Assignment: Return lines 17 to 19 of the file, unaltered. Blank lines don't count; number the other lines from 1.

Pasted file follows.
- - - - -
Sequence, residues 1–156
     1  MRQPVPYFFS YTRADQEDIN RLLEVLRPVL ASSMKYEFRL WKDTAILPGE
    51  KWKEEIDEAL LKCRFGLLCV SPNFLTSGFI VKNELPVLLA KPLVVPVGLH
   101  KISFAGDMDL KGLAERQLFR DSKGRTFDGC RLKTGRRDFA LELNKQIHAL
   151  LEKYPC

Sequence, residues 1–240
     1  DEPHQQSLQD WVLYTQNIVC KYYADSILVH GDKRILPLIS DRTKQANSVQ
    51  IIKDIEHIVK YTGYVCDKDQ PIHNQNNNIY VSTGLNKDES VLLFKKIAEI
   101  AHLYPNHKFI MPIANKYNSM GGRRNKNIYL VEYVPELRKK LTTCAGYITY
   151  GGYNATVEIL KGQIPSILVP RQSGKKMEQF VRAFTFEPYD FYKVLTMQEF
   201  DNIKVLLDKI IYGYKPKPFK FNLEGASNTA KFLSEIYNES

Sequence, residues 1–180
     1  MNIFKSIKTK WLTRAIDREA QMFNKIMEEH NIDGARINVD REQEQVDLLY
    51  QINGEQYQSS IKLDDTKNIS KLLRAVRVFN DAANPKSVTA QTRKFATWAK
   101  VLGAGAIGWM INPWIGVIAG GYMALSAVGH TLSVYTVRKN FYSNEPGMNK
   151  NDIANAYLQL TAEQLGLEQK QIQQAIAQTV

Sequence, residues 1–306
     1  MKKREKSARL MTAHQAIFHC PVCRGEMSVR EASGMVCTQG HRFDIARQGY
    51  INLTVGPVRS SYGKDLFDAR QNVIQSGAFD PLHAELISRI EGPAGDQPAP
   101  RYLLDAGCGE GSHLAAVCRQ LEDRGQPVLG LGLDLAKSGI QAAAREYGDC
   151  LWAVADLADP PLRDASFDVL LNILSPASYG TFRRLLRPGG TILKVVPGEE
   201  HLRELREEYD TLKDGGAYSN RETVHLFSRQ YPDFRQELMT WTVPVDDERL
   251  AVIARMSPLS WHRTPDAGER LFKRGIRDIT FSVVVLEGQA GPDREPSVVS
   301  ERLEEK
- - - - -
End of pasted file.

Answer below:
Sequence, residues 1–306
     1  MKKREKSARL MTAHQAIFHC PVCRGEMSVR EASGMVCTQG HRFDIARQGY
    51  INLTVGPVRS SYGKDLFDAR QNVIQSGAFD PLHAELISRI EGPAGDQPAP